by Zero Hedge - May 28th, 2016 6:30 pm
Submitted by Tyler Durden.
While still relatively low, USA sovereign CDS spreads have risen to 8-month highs, surging off early March lows. The reasons are likely numerous though we suggest the 4 surges in the last 3 months appear to line up with notable ‘events’…
While correlation does not imply causation, it does waggle its eyebrows suggestively and gesture furtively while mouthing “look over here.”
Note: Sovereign CDS represent a combination both default and devaluation risks.
Could it be that Trump’s honest comments on the creditworthiness of the USA are beginning to resonate with market participants as the probability of his winning in November rises?
by Zero Hedge - May 28th, 2016 6:00 pm
Submitted by Tyler Durden.
It is not a secret that democracy can be used to abolish democracy.
It may have finally begun to dawn on the people that Swedish Sweden will soon be lost forever, and in many areas replaced by a Middle Eastern state of affairs, where different immigrant groups (mainly Muslims) make war on each other as well as on the Swedes.
According to Dr. Peter Hammond, in his book Slavery, Terrorism and Islam: The Historical Roots and Contemporary Threat, the goal of Islam is not to convert the whole world, but rather, to establish sharia law all over the world.
There is no country where Islam is dominant that can be considered a democracy with freedom of speech and equal justice under law.
In Sweden’s last census in which citizens were asked about their religious beliefs, in 1930, fifteen people said that they were Muslims. Since 1975, when Sweden started its transformation from a homogenous, Swedish country into a multicultural and multi-religious one, the number of Muslims has exploded. Now, approximately one million Muslims live here — Sunni, Shia and Ahmadiyya from all the corners of the world — and Mosques are built and planned all over the country.
No one, however, seems to have asked the crucial question upon which Sweden’s future depends: Is Islam compatible with democracy?
The Swedish establishment has not grasped that Islam is more than a private religion, and therefore it dismisses all questions about Islam with the argument that Sweden has freedom of religion.
Two facts point to Islam not being compatible with democracy. First, there is no country where Islam is dominant that can be considered a democracy with freedom of speech and equal justice under law. Some point to Malaysia and Indonesia — two countries where flogging and other corporal punishments are meted out, for example, to women showing too much hair or skin, as well as to anyone who makes fun of, questions or criticizes Islam. Others point to Turkey as an example of an “Islamic democracy” — a country which routinely imprisons journalists, political dissidents and random people thought to have “offended” President Erdogan, “Islam” or “the nation.”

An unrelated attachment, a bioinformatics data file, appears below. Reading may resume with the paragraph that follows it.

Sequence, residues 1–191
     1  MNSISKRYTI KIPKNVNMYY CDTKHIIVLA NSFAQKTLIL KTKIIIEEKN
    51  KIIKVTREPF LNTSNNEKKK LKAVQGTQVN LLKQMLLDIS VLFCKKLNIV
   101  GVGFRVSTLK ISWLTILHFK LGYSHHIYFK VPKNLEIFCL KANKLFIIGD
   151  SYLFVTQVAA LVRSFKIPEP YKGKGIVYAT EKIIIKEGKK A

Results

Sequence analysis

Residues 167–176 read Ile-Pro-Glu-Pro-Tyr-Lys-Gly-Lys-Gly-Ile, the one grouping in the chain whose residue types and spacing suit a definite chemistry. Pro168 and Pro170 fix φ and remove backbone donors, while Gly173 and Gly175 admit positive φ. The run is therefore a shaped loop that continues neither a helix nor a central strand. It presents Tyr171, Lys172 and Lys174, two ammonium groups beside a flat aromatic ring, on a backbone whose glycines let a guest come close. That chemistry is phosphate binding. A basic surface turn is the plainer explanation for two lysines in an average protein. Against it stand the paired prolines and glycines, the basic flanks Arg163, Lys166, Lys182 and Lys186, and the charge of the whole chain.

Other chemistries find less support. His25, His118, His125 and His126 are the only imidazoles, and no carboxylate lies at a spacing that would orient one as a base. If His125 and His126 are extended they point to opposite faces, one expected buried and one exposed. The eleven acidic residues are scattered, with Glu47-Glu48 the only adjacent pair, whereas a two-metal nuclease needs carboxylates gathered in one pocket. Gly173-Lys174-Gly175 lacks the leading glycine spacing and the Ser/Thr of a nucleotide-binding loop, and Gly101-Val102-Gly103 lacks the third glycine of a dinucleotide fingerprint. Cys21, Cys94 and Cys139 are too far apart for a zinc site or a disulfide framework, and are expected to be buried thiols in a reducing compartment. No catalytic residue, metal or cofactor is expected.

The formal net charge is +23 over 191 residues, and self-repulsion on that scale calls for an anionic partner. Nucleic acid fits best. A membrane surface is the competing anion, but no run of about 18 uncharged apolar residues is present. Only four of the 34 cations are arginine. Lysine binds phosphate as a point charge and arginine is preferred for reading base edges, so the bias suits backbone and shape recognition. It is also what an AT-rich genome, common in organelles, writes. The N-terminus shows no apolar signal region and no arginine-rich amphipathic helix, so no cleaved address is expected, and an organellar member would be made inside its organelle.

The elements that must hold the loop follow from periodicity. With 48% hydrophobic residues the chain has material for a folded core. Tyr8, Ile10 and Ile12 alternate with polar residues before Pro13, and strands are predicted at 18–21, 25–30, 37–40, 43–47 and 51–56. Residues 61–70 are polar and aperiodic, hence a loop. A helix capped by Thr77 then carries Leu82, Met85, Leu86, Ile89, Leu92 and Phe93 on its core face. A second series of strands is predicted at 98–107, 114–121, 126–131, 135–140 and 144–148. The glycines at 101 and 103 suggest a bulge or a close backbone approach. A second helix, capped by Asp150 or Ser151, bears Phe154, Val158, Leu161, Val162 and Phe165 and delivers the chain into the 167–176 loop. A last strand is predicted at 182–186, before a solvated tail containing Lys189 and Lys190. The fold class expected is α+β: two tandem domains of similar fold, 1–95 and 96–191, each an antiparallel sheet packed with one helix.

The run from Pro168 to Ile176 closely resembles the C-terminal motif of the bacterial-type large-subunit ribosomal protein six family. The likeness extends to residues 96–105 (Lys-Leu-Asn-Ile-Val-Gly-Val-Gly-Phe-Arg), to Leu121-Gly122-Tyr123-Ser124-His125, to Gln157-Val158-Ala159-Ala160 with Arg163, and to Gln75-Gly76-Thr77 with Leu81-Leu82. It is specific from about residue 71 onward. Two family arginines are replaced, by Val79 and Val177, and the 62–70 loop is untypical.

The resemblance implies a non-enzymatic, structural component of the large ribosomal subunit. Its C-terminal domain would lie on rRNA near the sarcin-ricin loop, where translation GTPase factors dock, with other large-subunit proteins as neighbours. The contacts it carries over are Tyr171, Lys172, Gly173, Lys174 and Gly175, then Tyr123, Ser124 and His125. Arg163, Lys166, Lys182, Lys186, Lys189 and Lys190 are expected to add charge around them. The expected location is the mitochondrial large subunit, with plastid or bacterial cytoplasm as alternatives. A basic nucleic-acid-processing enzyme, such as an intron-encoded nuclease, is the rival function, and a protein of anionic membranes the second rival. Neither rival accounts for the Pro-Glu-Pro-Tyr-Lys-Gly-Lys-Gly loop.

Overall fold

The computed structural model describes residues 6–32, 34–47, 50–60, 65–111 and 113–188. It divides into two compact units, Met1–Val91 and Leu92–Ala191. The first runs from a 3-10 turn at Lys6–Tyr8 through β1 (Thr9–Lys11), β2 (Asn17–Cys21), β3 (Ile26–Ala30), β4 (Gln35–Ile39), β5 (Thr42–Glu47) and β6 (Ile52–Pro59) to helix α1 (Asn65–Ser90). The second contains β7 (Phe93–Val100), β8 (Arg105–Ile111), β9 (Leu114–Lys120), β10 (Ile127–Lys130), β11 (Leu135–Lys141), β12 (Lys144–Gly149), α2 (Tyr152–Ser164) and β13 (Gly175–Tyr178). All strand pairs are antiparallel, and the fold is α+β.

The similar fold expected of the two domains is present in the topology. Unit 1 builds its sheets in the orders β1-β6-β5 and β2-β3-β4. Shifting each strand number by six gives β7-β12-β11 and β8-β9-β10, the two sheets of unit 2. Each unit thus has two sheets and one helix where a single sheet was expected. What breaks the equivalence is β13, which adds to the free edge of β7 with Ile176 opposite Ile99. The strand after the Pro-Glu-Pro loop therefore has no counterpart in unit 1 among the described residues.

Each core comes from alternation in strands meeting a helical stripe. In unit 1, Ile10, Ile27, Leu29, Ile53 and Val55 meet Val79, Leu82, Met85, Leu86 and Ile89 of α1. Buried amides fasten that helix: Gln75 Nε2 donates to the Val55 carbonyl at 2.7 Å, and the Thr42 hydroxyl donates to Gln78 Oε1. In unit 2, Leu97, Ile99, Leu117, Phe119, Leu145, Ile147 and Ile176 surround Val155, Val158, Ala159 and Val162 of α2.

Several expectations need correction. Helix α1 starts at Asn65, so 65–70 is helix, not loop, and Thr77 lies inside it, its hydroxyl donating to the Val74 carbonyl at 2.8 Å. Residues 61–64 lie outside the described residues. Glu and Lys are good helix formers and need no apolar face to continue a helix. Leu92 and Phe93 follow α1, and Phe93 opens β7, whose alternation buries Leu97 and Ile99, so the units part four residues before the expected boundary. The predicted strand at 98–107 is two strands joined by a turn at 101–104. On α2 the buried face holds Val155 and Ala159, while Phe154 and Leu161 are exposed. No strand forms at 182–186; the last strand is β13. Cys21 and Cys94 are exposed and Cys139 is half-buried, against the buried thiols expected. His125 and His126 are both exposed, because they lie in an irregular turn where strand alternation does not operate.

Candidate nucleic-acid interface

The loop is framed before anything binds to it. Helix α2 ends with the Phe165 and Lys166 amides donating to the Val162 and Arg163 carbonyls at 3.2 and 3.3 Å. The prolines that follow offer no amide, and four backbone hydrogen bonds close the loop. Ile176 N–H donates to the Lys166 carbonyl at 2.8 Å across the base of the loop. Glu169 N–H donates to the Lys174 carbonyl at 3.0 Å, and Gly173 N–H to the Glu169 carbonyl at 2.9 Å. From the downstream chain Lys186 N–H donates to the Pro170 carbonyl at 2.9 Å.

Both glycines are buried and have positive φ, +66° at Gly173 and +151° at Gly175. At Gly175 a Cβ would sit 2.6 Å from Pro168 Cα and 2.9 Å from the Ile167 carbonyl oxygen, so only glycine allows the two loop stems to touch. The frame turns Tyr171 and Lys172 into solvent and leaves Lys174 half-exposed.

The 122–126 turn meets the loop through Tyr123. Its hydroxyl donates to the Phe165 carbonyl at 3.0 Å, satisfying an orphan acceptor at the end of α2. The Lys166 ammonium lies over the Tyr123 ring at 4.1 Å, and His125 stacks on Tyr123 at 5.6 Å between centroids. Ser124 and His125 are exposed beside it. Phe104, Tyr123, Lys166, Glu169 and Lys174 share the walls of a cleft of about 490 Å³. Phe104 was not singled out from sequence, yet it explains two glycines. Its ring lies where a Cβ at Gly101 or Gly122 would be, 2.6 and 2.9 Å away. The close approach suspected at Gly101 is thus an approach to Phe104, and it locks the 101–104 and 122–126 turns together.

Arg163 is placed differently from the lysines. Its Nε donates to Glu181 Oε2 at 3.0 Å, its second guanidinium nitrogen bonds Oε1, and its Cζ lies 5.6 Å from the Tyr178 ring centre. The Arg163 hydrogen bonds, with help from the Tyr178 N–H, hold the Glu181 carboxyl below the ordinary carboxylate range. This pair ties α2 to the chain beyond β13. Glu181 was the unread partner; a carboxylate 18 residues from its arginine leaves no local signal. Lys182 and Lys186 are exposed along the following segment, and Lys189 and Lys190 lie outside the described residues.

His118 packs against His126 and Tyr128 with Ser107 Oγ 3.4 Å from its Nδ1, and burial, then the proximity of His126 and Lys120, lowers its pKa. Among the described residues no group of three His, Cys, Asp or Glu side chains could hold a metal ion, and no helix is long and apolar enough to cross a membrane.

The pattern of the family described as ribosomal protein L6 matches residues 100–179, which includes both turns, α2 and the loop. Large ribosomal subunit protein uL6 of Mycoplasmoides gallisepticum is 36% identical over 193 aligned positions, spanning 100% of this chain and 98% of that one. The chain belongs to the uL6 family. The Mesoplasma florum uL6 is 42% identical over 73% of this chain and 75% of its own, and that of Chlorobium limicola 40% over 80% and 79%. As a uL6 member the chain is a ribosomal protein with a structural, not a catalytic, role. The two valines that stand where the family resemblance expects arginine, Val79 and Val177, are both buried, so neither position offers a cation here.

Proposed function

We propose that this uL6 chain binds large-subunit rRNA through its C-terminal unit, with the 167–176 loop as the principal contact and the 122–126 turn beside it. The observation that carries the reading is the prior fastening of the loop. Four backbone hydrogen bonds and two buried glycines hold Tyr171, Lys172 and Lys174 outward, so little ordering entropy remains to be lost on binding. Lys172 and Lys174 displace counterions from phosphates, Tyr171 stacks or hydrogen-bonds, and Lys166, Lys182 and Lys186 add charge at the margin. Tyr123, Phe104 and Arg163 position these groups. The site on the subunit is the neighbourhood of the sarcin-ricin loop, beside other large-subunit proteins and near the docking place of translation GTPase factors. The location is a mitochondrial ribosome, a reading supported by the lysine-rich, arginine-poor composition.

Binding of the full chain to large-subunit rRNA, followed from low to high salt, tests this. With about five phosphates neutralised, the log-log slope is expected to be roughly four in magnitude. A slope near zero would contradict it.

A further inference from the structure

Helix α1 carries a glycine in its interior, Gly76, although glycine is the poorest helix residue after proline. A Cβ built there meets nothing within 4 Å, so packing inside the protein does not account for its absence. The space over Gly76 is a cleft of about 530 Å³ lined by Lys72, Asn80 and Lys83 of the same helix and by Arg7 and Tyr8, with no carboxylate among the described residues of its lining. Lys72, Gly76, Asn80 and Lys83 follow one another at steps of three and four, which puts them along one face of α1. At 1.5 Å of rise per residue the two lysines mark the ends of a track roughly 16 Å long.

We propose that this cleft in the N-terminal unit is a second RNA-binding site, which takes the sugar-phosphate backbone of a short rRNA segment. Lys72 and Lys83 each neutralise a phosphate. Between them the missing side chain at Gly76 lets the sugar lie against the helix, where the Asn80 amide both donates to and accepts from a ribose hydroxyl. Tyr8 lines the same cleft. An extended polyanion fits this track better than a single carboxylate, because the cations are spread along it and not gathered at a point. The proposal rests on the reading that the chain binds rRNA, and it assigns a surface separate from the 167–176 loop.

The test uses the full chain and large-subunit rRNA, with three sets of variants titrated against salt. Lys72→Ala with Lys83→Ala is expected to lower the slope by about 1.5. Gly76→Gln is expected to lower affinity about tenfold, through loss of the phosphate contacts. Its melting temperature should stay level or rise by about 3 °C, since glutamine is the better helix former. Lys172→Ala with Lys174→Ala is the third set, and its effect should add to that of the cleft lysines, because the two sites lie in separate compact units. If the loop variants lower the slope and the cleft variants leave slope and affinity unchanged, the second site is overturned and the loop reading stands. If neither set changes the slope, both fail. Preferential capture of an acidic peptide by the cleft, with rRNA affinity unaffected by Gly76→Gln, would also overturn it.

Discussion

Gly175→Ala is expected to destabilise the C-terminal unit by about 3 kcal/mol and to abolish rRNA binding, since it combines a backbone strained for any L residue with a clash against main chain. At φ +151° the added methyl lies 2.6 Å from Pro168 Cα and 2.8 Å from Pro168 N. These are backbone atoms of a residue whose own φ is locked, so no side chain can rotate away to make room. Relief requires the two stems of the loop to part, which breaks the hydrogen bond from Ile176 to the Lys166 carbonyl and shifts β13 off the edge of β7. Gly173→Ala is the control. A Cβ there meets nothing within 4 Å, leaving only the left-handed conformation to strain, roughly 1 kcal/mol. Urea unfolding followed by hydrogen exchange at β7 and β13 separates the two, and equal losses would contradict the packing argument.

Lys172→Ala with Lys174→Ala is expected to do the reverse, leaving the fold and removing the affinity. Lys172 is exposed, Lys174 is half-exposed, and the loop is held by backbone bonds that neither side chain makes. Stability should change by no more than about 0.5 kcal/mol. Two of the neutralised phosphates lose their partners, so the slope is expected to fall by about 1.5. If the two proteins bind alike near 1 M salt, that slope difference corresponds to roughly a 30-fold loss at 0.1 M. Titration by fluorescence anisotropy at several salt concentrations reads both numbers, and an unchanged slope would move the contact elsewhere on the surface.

by Zero Hedge - May 28th, 2016 5:30 pm
Submitted by Tyler Durden.
Donald Trump’s intention to build a wall along the southern border of the United States is well known, and the presumptive Republican presidential nominee has even released his plan on how the US would be able to make Mexico pay for it.
One thing that won’t change whether Trump builds a wall or not, is the intense violence and a lack of job opportunities that act as catalysts to drive scores of immigrants to the US border. What has changed, however, is the time frame by which immigrants plan to take their chance. As a Trump presidency becomes more and more of a possibility, immigrants believe that if there ever was a time to try and get across the border to the United States, that time is now – before Trump has a chance to act on his words.
From the Washington Post
Although the overall number of migrants apprehended along the border this year has not yet reached the proportions of the 2014 flood of Central Americans, some believe that could happen, with a summer surge before the presidential election in November.
“We’re definitely on track to catch up to it, which is not a good thing,” said Chris Cabrera, a Border Patrol agent and union representative here. “The political climate has a lot to do with it.”
The upcoming presidential election marks a fork in the road for U.S. immigration policy: A Democratic victory could lead to more unauthorized immigrants getting permits to work and live in the United States. Trump has vowed to build the giant border wall, deport millions of undocumented immigrants and block remittances. Intense violence and a lack of job opportunities are the driving forces behind the Central American migration, and critics say those problems will continue to push people northward regardless of whether there is a bigger wall. For some of the migrants, sooner seems more appealing than later.
Trump “says he wants to build a wall. They want to get over before he builds it,” said Mario Saucedo Mendoza, who works at the Senda de Vida migrant shelter in Reynosa, the Mexican city across the border from McAllen. “He’s said these things, and people are trying to get in front of him, they are trying to cross now.”